In accounting we use the word amortization to mean the systematic allocation of a balance sheet item to expense (or revenue) on the income statement. Conceptually, amortization is similar to depreciation and depletion. An example of amortization is the systematic allocation of the balance in the contra-liability account Discount of Bonds Payable to Interest Expense over the life of the bonds. (The accountant credits Discount on Bonds Payable and debits Bond Interest Expense with a portion of the balance each accounting period.) In the case of a premium on bonds payable, the accountant systematically moves a portion of the balance in Premium on Bonds Payable by debiting the account and crediting Interest Expense.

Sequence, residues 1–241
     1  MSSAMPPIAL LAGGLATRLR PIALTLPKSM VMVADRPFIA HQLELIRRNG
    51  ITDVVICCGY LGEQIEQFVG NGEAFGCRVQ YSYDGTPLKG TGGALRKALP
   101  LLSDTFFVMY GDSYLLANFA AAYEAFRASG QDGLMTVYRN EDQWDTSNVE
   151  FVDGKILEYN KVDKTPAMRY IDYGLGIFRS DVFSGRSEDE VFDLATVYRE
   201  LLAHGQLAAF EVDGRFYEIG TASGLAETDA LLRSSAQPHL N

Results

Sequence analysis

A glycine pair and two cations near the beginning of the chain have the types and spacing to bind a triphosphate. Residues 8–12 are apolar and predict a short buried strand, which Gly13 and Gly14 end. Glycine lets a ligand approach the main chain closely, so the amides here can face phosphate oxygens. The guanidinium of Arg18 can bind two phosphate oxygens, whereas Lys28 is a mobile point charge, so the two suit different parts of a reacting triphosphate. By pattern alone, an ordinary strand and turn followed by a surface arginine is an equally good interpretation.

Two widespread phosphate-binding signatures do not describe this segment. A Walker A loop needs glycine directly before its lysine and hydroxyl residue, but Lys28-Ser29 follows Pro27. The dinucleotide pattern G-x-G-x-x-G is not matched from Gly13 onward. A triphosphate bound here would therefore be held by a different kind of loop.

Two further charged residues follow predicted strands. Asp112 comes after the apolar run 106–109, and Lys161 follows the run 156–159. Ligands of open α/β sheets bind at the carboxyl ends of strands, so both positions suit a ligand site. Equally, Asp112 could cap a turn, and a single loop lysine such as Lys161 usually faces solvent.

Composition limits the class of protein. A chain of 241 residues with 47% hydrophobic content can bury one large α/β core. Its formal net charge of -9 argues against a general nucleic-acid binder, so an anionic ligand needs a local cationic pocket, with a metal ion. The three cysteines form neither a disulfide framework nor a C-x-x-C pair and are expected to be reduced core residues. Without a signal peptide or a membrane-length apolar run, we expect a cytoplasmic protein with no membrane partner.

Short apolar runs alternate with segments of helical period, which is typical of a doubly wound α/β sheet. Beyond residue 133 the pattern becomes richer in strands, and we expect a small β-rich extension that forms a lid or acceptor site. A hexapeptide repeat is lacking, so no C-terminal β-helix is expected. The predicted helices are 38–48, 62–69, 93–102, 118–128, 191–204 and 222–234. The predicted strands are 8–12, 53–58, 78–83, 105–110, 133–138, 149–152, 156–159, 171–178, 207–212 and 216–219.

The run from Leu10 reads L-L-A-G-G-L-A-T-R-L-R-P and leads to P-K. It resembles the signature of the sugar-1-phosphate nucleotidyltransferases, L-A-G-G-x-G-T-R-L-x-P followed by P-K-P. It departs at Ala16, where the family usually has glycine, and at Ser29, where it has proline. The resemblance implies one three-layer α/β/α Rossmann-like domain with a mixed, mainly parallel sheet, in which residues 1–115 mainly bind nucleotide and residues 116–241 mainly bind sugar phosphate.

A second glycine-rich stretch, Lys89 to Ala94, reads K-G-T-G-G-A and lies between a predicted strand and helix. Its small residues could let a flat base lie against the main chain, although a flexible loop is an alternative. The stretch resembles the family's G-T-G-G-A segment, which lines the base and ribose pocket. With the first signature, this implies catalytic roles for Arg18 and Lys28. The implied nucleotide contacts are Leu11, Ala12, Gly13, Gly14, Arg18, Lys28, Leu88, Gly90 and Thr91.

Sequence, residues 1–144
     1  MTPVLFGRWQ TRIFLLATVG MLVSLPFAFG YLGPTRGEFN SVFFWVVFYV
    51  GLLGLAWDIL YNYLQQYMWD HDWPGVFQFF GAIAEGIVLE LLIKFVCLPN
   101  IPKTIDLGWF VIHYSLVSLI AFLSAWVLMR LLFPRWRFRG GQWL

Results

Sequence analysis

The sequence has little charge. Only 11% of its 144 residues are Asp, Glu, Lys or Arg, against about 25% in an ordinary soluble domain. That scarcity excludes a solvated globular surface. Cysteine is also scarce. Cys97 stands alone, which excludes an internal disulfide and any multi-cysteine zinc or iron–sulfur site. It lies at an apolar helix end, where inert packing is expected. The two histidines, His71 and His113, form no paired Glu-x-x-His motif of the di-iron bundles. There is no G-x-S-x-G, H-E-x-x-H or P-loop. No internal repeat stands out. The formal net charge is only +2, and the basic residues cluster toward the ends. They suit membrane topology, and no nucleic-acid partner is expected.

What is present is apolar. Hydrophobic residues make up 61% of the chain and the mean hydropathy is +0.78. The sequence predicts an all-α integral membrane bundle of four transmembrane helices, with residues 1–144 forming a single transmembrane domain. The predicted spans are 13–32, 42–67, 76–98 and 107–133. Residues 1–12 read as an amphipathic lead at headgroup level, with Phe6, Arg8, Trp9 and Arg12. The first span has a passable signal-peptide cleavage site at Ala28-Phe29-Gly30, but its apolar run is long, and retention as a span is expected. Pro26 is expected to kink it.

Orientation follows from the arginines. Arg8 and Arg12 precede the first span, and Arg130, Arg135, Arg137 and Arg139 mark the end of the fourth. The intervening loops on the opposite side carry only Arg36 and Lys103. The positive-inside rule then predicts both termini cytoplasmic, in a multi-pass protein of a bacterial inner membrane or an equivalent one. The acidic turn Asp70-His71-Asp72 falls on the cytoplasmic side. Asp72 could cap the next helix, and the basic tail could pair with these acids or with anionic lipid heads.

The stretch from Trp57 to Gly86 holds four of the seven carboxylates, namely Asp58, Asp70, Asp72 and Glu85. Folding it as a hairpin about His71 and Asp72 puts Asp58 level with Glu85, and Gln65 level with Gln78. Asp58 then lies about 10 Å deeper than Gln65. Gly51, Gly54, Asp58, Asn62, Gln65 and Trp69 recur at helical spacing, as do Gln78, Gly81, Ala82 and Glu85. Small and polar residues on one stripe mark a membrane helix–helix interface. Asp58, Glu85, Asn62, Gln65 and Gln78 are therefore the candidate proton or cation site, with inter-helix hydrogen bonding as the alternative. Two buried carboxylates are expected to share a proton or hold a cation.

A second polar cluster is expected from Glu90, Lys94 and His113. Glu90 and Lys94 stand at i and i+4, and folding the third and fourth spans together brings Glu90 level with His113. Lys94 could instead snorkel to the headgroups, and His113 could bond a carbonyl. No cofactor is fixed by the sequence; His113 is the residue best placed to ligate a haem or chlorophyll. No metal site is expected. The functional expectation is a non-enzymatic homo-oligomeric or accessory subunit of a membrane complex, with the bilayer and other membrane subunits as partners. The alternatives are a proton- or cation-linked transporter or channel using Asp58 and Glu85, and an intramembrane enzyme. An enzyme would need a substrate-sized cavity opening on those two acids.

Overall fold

Amortization also applies to asset balances, such as discount on notes receivable, deferred charges, and some intangible assets.
Amortization is a term used with mortgage loans. For example, a mortgage lender often provides the borrower with a loan amortization schedule. This schedule lists each loan payment during the life of the loan, the amount of each payment that is for interest, the amount of each payment that is for principal, and the principal balance after each loan payment. The loan amortization schedule allows the borrower to see how the loan balance will be reduced over the life of the loan.